into it and headed up stream.

"And there he tugged, and tugged, and tugged, giving all his attention
to the oars and having none to spare for Annabel. By and by, after Tubby
had tugged, and grunted, and perspired for half an hour, he said:

"'Say, I never saw anything like this current to-night--not in all my
born days! I've been pulling like a horse for half an hour and I don't
see that we've made as much as a dozen feet!'

"And then Annabel spoke up real pretty, and says she:

"'Oh, Mr. Blaisdell! I've just thought of something. The anchor fell
overboard some time ago and I forgot to tell you. Do you suppose it
could have caught on something?'"

The other girls were intensely amused at this, for they all appreciated
Annabel Craven's character as well as poor Tubby's good-natured
blundering. But while they laughed and chattered in this way the Busters
crept steadily up on them.

"I told you how it would be," said Bess, tartly, "if we didn't hurry
up."

"What's the matter with you girls?" demanded Dave Shepard. "One would
think you were sent for and couldn't come, by the way you paddle. You'll
get to the lake before noon at this rate."

"Not much danger of that, Davie," returned Wyn. "And you know we agreed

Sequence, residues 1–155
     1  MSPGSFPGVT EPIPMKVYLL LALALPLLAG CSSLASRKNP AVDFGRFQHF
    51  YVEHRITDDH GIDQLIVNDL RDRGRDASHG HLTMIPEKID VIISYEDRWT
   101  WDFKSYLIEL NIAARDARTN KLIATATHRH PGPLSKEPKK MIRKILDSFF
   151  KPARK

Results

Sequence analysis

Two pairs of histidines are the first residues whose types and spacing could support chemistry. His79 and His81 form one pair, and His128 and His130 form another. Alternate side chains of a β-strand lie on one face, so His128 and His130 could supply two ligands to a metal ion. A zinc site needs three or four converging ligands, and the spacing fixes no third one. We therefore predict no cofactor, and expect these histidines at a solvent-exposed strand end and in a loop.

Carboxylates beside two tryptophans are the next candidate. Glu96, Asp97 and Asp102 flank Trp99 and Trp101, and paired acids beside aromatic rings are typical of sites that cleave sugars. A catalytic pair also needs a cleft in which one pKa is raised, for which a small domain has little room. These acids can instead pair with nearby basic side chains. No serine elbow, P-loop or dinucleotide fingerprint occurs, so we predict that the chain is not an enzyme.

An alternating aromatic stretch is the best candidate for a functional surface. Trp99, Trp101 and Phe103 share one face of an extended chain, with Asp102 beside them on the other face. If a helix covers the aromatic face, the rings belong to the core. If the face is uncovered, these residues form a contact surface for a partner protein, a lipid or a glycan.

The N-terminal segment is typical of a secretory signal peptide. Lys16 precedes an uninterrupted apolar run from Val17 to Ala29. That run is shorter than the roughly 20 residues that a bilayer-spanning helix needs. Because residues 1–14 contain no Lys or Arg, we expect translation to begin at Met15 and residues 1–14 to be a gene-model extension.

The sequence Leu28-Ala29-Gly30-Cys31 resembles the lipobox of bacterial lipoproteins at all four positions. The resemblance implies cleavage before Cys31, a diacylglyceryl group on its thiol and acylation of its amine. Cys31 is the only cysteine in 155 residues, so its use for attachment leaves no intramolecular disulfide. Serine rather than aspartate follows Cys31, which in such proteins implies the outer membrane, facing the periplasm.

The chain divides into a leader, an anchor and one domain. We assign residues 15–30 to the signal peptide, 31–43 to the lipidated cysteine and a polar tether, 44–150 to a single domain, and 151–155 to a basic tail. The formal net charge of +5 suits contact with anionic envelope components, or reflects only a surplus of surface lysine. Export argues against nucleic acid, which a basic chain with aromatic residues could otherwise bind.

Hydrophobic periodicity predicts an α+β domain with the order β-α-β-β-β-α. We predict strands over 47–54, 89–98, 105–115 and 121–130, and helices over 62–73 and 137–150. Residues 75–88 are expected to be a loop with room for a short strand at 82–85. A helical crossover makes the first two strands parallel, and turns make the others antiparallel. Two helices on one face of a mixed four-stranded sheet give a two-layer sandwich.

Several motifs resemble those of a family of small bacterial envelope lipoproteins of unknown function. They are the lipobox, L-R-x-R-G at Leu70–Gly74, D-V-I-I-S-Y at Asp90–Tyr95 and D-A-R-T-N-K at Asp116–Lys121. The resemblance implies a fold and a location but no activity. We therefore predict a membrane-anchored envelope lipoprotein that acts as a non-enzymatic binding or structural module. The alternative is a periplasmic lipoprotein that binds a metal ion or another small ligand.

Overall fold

to stop at Ware's Island for lunch."

"Oh, I wish that was right here!" grunted a voice from the rear, where
Tubby Blaisdell was paddling away with almost as much splashing as a
small side-wheel steamer.

"My goodness, boy!" cried Ferd Roberts. "You're not hungry so soon, are
you?"

"Soon?" repeated Tubby, with disgust "It's so long since breakfast that
I've forgotten what I had to eat."

"What do you want to eat, Tubby?" asked Frank, giggling.

"Not particular. Anything--from a marshmallow cake to a tough steak,"
grunted the fat boy.

"Tubby wouldn't be as particular as the grouchy gentleman who went into
the restaurant out West and ordered a steak," chuckled Dave. "After the
waiter brought it the customer tried his knife on it and then called the
waiter back.

"'Say!' he objected. 'This steak isn't tender enough.'

"'Not tender enough, stranger?' returned the cowboy waiter. 'What d'you
expect? Want it to hug an' kiss yer?'"